No matter how many boutique fitness classes you take, one thing’s for sure—you’ll always remember your first Megaformer workout.
For me, that unforgettable day was way back in 2011, when The Studio (MDR)—one of Los Angeles’ first Megaformer studios—opened its doors. I all-too-clearly remember the entire range of emotions I felt during those 50 minutes on the machine, from confidence (“This is like a Pilates reformer, right? I’ve got this!”) to confusion (“Hold up…this is really hard”) to frustration (“Why are you failing me, abs?”) to anger (“Only 20 minutes have passed?!”) to relief when the whole thing was over—and determination to do better the next time.
There aren’t many workouts that inspire such intense highs and lows—and such a feeling of accomplishment when you make it through to the other side—which is probably why Megaformer studios have become so wildly popular over the last few years. According to Sebastien Lagree, the French-born fitness visionary who created the machine and its signature moves, there are now over 300 studios around the world that are licensed to use the Megaformer, with one in just about every major US city. Each day, he says, he gets around a dozen inquiries from people who want to open a new location.
There aren’t many workouts that inspire such intense highs and lows—and such a feeling of accomplishment when you make it through to the other side.
Current studio owners, Lagree tells me, are driving much of the growth—after all, when their classes are constantly at waitlist capacity, expansion is a no-brainer. “A lot of our licensees have started opening their second and third locations,” he says, noting that the largest brand, SLT in New York City, recently launched studio number 11.
He adds that licensees are also getting more and more creative about how they present the workout, with a growing number of hybrid studios merging the Megaformer with workouts like barre (Firebrand Sports in Portland, OR) and cycling (Transform Fitness Studio in Silicon Valley). “Every year we sell more licensing agreements than we did the previous year,” says Lagree. “Growth has been just phenomenal.”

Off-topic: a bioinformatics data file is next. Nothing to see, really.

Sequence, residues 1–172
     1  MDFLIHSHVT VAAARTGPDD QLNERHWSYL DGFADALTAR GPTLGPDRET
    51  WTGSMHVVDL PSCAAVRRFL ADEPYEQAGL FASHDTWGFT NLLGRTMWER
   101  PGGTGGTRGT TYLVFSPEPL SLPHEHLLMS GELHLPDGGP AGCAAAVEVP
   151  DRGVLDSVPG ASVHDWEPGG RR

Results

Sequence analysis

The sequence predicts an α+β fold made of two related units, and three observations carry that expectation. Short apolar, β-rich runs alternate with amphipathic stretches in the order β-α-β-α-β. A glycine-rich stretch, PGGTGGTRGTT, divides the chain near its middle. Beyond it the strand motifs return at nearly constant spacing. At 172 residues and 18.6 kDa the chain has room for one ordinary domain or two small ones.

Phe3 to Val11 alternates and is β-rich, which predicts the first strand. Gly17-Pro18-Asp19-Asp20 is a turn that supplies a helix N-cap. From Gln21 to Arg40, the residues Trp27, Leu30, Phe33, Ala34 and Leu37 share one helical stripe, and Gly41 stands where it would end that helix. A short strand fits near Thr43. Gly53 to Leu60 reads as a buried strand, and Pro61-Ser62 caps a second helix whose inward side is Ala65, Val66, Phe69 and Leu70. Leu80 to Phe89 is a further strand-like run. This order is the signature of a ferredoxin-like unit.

So why are so many people addicted to this brilliantly brutal workout—and where is it going to go from here?
Keep reading to find out how the Megaformer became one of the biggest fitness crazes of the decade—and why you should try it if you haven’t yet.
It’s not Pilates
If you look at the Megaformer, you’d be forgiven for thinking, like I did, that it’s essentially the same as a Pilates Reformer. Sure, the two pieces of equipment share some similarities—both have a carriage that slides back and forth along two rails, attached to a row of springs for resistance—but Lagree is quick to point out that they are very different workouts.
“It’s not that I don’t like the association with the Reformer, because it’s a good machine,” he says. “But when people do the Megaformer workout they sweat, they shake, they burn fat, they build muscle—you’re not gonna get that with Pilates.” (In other words, unlike Reformer classes, this is definitely not a shower-free, lunch-hour workout).
Part of this is due to the type of exercises performed on a Megaformer, all of which emphasize cardio, strength, balance, and flexibility at once. “We do a lot more standing, crawling, and planking positions than you would do on a Reformer,” explains Lagree, who worked as a personal trainer for years before creating the machine. “We bring the audience back to what they’re familiar with—like lunges and push-ups and planks.” (Except the names of Lagree moves are way cuter—think “bear,” “mermaid,” and “sexy back.”)
Plus, there’s the fact that the Megaformer itself has many subtle design details that set it apart from the Reformer. “There are lots of cutouts and handles integrated into the carriage and platform, so you can make very quick adjustments and find the right amount of tension and traction,” Lagree says. This allows you to contort your body into an endless number of positions, meaning you work your muscles in ways that aren’t possible on a Reformer.